I was in Thailand eight years ago and two years ago. So eight years ago I liked it more. It was a big disappointment for me that there was less street food.80% of the points in the street were a failure. And Bangkok has become too commercialized and cosmopolitan. You even have to pay money to come up and ask for something.
Finding a “tasty” place also became a problem. We hired a guide, ate both in unknown places and in tourist establishments relying on guidebooks and ratings. But this is all such a convention. For example, the 6th number in the Best Asia’s 100 is frankly strange and tasteless. It was tasty in BoLan but you should be ready to wait for 40 minutes.
Then there was Vietnam. It was a place with a lot of street food. It isn’t that spicy compared to Thai, even sugary-sweet. Its base is fish sauce, palm sugar and lime juice. But the variety of food itself is small, pho soup was sold at every third point.
It’s very difficult to be in Vietnam without a guide because almost no one speaks English there. We hired a guide for $70-100 for three hours, he drove us around the markets, street food spots, establishments, and talked about specifics.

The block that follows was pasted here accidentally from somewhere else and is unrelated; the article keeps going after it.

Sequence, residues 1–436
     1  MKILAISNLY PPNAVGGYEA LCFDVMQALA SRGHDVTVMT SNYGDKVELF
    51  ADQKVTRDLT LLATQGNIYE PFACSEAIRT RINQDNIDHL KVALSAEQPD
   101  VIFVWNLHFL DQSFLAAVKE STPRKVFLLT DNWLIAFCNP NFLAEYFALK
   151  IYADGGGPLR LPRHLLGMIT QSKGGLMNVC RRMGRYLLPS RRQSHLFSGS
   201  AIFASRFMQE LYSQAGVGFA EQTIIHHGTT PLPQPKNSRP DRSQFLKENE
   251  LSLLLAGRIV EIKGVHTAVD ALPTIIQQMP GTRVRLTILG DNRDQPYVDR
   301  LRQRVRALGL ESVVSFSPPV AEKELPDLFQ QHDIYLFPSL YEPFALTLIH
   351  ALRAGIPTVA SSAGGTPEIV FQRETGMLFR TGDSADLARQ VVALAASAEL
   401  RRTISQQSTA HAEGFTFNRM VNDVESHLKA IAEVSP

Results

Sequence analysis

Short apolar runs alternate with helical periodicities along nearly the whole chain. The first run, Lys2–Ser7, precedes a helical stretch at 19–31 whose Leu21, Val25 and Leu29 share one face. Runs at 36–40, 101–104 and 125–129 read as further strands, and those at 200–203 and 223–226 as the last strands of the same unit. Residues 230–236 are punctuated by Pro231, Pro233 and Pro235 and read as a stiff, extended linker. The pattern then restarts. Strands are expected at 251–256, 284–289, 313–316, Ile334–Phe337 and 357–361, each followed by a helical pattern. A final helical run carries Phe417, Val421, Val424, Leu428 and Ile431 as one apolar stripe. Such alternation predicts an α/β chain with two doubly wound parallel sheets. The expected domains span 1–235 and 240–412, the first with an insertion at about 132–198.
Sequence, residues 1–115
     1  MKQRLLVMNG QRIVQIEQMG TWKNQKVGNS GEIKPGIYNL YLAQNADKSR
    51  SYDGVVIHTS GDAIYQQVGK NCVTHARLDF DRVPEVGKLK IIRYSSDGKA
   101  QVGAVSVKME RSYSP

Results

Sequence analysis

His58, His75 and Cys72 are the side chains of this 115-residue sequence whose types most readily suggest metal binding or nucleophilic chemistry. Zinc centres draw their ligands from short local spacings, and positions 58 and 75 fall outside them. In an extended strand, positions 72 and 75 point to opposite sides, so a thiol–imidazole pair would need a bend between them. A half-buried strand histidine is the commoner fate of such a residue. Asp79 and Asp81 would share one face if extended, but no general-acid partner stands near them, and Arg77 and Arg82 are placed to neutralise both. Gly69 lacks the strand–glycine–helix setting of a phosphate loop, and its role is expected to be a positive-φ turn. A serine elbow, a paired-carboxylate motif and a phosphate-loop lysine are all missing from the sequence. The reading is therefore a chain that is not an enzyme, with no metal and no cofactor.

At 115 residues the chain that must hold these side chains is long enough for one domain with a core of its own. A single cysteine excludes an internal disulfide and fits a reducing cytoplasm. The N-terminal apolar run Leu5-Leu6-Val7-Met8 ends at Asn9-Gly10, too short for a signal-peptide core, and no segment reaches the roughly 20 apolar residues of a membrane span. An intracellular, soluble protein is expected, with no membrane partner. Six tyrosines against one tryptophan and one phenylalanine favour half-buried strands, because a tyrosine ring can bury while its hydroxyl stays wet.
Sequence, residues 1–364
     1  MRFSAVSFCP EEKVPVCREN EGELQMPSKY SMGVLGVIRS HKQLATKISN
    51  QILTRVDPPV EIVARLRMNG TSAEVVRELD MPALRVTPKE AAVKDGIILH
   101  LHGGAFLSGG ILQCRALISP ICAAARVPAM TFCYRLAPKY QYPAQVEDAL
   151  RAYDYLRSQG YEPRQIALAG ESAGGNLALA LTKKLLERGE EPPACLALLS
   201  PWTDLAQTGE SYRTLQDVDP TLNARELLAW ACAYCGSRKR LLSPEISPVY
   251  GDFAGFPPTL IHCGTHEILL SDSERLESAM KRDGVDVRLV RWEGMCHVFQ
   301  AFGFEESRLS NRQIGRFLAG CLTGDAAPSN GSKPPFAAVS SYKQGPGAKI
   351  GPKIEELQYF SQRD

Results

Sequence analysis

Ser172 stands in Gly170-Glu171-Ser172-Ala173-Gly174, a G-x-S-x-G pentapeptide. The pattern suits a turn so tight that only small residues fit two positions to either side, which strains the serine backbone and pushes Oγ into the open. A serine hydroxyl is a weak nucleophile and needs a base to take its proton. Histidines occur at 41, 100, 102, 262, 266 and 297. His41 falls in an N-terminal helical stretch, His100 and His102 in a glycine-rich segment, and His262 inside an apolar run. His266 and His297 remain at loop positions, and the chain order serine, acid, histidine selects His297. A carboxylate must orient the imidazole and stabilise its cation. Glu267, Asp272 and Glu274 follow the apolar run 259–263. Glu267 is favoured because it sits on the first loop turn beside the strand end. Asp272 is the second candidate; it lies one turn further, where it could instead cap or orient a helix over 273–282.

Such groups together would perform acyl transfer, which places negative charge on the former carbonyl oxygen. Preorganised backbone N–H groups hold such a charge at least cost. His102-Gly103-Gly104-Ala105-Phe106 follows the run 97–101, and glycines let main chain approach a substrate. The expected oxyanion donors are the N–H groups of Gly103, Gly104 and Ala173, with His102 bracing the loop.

— What do you bring for Spicy NoSpicy from Asia?
We do a lot of things ourselves basing on local products. About 70 sauces, tom yam paste and curry paste.
We brought about ten basic components from Vietnam. For example, pho globally needs three components. First, the broth, and secondly — rice noodles. But, unfortunately, it is extremely difficult to make fresh noodles in our conditions. You need a special machine for this. The third point is a good fish sauce with palm sugar. And the fourth, for me personally, is good Vietnamese ginger, it is less aggressive than Chinese one which is used in Ukraine.
In Vietnam, by the way, you’ll never eat pho in a restaurant, it’s only street food. As soon as the pan is sold out, the spot closes.

— How similar is the taste of your dishes to those you ate in Asia?